“The Internet is our weapon. We gave up fighting with bows and arrows a long time ago,” says Benki Piyako, son of the chief of the Ashaninka in the Brazilian rainforest. “We all need to be interconnected if we want to live in safety on our territory.” The Ashaninka live on the border of Brazil and Peru. Their region is rich in tropical wood and regularly attracts illegal logging gangs. When the Indians confront the logging mafia their villages are attacked and the villagers killed or driven away.
That all started to change a few years ago when a Brazilian NGO began equipping isolated indigenous communities with Internet stations. This enabled the rainforest inhabitants to ask the authorities directly for assistance when they need it. Illegal woodcutters are now apprehended because the military and the police can get to the Indians’ territory very quickly and catch the raw materials pirates red-handed. This gave a significant boost to the fight for the rights of the indigenous population, and the Ashaninka in particular made the headlines, because they are a living example of how to combine Indian traditions with the modern mindset and responsibility for the environment.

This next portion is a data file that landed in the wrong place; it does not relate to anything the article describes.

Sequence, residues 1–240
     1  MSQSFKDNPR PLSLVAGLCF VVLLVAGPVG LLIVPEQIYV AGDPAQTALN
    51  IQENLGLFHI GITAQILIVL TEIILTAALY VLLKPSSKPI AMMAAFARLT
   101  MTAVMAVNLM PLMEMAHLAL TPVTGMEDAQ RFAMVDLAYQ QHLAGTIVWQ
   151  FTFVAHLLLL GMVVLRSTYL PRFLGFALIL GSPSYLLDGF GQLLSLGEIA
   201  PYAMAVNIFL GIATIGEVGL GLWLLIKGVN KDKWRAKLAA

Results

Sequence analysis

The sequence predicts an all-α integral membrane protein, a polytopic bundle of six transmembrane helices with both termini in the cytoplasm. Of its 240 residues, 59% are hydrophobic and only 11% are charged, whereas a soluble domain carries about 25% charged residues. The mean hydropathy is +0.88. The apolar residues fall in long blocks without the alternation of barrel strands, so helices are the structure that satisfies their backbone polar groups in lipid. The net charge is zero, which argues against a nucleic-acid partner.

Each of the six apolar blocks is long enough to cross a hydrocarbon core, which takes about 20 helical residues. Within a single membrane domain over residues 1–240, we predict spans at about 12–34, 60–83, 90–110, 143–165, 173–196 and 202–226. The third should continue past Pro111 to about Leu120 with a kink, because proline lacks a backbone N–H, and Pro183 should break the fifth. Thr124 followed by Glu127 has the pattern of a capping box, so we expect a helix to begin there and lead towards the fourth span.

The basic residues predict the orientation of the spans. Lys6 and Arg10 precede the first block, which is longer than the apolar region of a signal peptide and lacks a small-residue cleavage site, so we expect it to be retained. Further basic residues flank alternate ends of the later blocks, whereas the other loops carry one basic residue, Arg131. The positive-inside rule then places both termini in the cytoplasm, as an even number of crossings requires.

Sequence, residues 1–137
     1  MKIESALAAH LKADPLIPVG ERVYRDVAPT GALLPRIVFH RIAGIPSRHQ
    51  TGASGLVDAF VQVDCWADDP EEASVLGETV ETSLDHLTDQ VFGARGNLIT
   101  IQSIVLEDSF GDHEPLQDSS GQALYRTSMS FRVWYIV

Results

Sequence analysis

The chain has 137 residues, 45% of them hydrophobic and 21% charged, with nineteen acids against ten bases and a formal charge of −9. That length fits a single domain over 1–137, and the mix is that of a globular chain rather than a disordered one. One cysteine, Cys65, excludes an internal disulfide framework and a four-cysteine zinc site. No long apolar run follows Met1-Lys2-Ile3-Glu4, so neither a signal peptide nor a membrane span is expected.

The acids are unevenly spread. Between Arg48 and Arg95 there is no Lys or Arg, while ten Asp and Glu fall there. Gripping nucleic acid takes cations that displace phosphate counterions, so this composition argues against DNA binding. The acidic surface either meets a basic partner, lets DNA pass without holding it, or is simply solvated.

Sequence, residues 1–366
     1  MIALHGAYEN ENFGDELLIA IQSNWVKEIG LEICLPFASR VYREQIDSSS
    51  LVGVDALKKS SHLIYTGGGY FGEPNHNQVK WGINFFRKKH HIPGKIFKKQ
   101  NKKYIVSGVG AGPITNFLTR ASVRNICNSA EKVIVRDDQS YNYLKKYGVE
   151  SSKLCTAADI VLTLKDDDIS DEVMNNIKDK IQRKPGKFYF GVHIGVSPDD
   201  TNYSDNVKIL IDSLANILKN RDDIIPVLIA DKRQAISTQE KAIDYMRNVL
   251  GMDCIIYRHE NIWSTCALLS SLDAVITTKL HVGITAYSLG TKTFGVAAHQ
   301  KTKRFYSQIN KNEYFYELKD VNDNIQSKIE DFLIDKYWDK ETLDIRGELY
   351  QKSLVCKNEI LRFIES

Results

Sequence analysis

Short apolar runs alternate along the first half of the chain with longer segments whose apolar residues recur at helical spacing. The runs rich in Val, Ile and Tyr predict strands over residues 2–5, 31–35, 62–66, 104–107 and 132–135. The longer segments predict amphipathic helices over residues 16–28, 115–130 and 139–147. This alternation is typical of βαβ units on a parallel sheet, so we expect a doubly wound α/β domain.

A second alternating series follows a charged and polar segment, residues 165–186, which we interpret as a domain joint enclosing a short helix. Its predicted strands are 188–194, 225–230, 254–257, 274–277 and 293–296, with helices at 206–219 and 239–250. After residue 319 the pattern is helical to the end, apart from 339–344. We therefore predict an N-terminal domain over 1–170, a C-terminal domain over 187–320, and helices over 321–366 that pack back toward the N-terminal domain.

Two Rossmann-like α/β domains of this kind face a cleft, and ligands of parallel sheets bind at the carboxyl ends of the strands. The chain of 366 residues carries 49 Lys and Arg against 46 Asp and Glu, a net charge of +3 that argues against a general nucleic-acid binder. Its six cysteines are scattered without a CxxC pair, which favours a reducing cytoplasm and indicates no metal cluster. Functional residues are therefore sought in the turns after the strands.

Today the chief’s two sons, Benki and Moises Piyako, are working hard to provide more and more Indian communities with the Internet. They also founded an environment school where they teach sustainable farming methods, made their villages self-sufficient again, started with the reforestation and found allies in the organisations that have been springing up in growing numbers in Brazil’s cities since the Rio summit.
Original Author: Produced by Free High-Quality Documentaries and published on 14/01/2021 Source